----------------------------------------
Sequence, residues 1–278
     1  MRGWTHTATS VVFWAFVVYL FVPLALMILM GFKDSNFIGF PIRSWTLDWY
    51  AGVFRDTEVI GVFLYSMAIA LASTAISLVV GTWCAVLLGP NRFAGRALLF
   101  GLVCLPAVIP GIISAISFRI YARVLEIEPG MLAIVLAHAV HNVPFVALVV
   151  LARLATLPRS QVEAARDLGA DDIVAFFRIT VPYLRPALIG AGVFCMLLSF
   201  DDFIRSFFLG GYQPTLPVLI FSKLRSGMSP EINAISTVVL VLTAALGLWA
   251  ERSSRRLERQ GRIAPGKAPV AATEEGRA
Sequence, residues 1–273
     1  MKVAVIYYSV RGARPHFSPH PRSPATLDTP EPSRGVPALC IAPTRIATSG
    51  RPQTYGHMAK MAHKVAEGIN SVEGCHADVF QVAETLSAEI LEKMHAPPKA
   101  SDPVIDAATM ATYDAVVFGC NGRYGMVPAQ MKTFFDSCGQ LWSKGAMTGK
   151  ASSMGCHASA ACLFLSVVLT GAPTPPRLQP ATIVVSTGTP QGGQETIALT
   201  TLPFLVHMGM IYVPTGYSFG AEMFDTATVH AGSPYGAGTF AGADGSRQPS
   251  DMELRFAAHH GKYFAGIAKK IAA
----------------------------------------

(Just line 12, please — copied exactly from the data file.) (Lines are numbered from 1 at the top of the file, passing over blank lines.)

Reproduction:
   151  ASSMGCHASA ACLFLSVVLT GAPTPPRLQP ATIVVSTGTP QGGQETIALT